As human beings, our greatness lies not so much in being able to remake the world ... as in being able to remake ourselves. - Mahatma Gandhi
I started out a few years ago not trying to be great, but trying to remake myself. I realized that by age 55 with my children raised, my graduate degree completed, my career at a place I enjoyed, and my dream home built, I’d moved so far from who I was as not to know anymore. The challenge became unearthing that person. I called it the happiness project because I knew only one thing: if I committed to being authentic, I would be confused. I didn’t know who I authentically was; however, if I committed to being happy, I would find my authentic self in doing those things and spending time with those people who gave me the greatest joy. I can’t say that each day has been happy. In fact, many of the days have been filled with some of the most dread, the most overwhelming darkness, and the most intense sadness I’ve ever experienced. This is what happens when one “burns the boats” so she can’t escape the island. My island was happiness and although I initially thought it would be bursting with days eating chocolate and playing the piano between bouts of drinking good wine and chattering with fascinating friends, it turned out to be isolated, a rare and lonely place where I was forced to come to meet myself.
Committing to happiness was a culling out process. Because it was a choice, I had to choose between behaviors and people who contributed to my happiness. Those choices led me down a frightening path that is only now winding out of the woods where I can see and feel more clearly. Some of the people I thought would be left behind have walked with me into this new place and although I would not have said this even a year ago, today I can honestly say without a doubt that I am loved greatly. I know this with certainty because I’ve had to leave behind behaviors and beliefs that did not make me happy. And although I would not have said this less than a year ago, today I can honestly say without a doubt that I am worthy of great love. Being greatly loved and worthy of it in no way makes me a great person, but I now recognize that I am a sacred person. And although I would not have said this six months ago, today I can honestly say without a doubt that we are all sacred.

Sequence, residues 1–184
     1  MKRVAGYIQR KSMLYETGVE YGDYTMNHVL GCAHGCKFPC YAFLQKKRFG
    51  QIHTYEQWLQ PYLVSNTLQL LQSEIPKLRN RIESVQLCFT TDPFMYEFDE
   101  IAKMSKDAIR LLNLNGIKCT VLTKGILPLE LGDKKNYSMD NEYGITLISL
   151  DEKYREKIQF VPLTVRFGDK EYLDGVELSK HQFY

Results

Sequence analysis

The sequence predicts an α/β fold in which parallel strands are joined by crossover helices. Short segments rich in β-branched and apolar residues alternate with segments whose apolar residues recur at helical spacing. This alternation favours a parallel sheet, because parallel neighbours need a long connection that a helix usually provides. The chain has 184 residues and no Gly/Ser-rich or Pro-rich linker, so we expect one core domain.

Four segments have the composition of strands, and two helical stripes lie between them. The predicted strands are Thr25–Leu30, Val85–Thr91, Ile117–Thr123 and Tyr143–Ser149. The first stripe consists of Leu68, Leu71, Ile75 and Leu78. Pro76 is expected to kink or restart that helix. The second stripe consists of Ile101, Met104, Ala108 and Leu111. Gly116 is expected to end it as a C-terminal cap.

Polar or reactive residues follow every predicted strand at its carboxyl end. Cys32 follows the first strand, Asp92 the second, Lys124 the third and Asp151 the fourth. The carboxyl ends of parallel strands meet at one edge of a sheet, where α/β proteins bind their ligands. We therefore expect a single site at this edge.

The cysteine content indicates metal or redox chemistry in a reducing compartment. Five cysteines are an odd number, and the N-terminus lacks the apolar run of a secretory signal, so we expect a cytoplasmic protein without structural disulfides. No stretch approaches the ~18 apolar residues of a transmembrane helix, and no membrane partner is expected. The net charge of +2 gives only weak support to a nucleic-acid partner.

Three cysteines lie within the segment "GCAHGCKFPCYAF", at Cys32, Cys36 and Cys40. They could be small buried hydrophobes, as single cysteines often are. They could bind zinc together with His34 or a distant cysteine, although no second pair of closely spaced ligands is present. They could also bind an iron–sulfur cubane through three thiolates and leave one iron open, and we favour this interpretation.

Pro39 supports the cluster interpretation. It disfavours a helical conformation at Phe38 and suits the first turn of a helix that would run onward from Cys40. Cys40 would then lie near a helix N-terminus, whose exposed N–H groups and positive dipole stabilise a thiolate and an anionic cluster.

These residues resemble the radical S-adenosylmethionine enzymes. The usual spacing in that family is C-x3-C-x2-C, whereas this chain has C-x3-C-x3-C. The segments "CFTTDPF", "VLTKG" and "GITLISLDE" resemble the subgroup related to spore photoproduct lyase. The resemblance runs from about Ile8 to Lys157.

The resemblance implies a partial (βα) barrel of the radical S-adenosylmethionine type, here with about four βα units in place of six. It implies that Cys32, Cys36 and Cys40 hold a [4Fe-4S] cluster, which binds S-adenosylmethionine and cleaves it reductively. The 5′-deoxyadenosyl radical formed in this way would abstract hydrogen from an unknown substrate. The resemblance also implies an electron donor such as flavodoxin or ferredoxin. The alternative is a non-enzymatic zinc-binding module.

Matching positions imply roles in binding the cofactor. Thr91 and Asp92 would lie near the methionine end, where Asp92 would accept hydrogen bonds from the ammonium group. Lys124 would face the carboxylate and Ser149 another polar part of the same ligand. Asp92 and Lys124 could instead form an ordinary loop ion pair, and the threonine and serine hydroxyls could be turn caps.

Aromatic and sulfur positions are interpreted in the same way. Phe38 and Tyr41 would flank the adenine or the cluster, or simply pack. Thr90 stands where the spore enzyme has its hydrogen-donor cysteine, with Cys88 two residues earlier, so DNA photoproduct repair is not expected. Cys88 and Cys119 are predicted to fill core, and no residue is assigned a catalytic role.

This admission came after one of the most intense and hurtful experiences of my life. The circumstances surrounding this realization aren't important. The outcome is. I chose to act from my heart and see it as a spiritual problem, one that couldn't be solved or resolved with words or actions that would make sense to anyone. I finally (and I mean finally after tons of tears and pages and pages of poor pitiful me drama writing), saw there was another side to the situation. That glimpse of a way across the pain meant I could latch on to that light and gently, slowly, ultimately pull myself to safety. In safety, I could find happiness and I could see others as sacred. On the other side of that pain, I could allow that we may not behave in ways that honor our sacredness, but we are nonetheless sacred. The behaviors are a choice. Being sacred just is.
My commitment to happiness has brought me to a much different place than I would have thought a month ago. I am happiest when I interact with each person’s sacred self, which gives me the freedom to be in a much happier place with them. I am happiest when I accept ambiguity and uncertainty, which gives me the freedom to be in a much happier place while I explore where I am going. I am happiest when I am focused on remaking myself, which gives me the freedom to remake my world into a better place for everyone. Coming from my happy place, I get far more smiles and hugs and that-- makes me happy, which is a pretty great place to be and more authentically me.